Infantino: Well, he is a much better player than I am (laughs). I’ve been working with Michel Platini for nine years at UEFA, and we had a great relationship. But I think it worked well because everyone has his own personality, his own strengths and weaknesses, and they are completely different. Now I am the president of FIFA, and I bring in my vision, my views, and I’m trying to convince all the others that we have to move forward. We have to think fresh. I don’t know if video technology will work or not, because it will have an impact on the flow of the game, and the flow of the game I think is the key for the success of football. But we need to test it. We need to see how it works, if it works.
SI.com: Let’s talk about a topic that everywhere in the U.S. right now: Equal pay for equal work by men and women. President Obama just spoke in support of the U.S. women’s wage complaint against U.S. Soccer. Hillary Clinton has done the same thing. The biggest difference between the U.S. men’s and women’s players’ income is tied to FIFA’s World Cup prize money. The most recent men’s World Cup winner got $35 million in prize money. The most recent Women’s World Cup winner got $2 million. Why is there such a big difference in prize money? And do you think that should change?
Infantino: Well, today there is such a big difference because the prize money—which for me is a different topic than the salary or the pay—but the prize money today is linked with the revenues that are generated. So for me, while I understand and respect the position in the U.S., women’s football in the U.S. is not yet comparable to what women’s football should be around the world. So what our task must be is to develop women’s football, to invest much more. Of course the adjustment of the prize money goes with that as well.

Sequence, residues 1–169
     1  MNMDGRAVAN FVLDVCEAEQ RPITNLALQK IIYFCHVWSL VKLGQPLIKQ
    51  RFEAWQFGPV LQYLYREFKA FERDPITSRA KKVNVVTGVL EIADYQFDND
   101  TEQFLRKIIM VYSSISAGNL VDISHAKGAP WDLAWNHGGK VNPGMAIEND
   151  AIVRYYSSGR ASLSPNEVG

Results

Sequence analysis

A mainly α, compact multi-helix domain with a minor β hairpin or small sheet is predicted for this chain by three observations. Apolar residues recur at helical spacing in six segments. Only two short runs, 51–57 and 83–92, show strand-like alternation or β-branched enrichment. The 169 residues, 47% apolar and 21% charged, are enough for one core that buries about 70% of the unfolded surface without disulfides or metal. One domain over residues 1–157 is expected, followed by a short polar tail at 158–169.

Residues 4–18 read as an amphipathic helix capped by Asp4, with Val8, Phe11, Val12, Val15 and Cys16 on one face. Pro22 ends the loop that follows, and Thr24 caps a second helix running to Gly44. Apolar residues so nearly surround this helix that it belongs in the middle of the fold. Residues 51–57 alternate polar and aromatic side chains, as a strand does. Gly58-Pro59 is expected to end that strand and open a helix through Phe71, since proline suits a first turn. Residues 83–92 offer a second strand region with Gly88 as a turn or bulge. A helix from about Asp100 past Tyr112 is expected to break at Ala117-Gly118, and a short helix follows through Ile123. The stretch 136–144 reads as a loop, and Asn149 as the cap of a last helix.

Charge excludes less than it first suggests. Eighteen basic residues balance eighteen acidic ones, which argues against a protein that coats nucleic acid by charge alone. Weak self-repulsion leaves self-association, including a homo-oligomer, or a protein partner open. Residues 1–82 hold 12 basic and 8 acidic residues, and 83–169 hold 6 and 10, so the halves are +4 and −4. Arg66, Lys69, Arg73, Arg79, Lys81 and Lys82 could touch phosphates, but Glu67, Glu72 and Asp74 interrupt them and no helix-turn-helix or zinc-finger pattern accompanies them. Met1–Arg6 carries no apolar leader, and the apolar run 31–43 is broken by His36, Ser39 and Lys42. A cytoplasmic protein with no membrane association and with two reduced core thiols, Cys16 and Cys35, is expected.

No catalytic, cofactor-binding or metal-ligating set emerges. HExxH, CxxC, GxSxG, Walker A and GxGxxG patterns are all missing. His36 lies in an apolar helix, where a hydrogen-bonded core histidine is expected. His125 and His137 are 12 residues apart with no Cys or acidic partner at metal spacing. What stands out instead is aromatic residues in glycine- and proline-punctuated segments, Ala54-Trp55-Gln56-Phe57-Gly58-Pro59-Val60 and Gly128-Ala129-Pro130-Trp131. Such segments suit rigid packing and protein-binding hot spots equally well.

It’s a process. But we need to make sure that we can lift up the popularity of women’s football all around the world to make sure that we don’t focus only on one or the other country and forget all the others. In the same way as it was done the last 100 years for men’s football, because this also has been a process. We have now to embrace this process for women’s football, to see how we can foster the top but also the base of women’s football.
One of the things I’m advocating at FIFA is the creation of a women’s football division, a specific division within FIFA to focus only on women’s football development, including the commercial side, the competition side, the grassroots side. With this we can increase everything, including the prize money. But this discussion should not be held for me in isolation.
It’s a complex, big topic. We need to focus on it and develop it and make further steps. As for the U.S., I’m sure that [U.S. Soccer president and FIFA Council member] Sunil Gulati will find the right words and the right solutions in discussing the ladies. I’ve been in Vancouver for the final of the last Women’s World Cup. It was fantastic. Big congratulations to the U.S. team. It’s amazing the work that is done here, and this should be an example for the rest of the world.
SI.com: So you are of the opinion that revenue generation should be a factor in how much men and women are paid?
Infantino: Definitely it should be a factor. It should not be the only factor, and we shouldn’t reduce it to that by all means. But it has to be a factor. It has to be evaluated. Because it’s the only way that we can grow the image and the popularity of women’s football.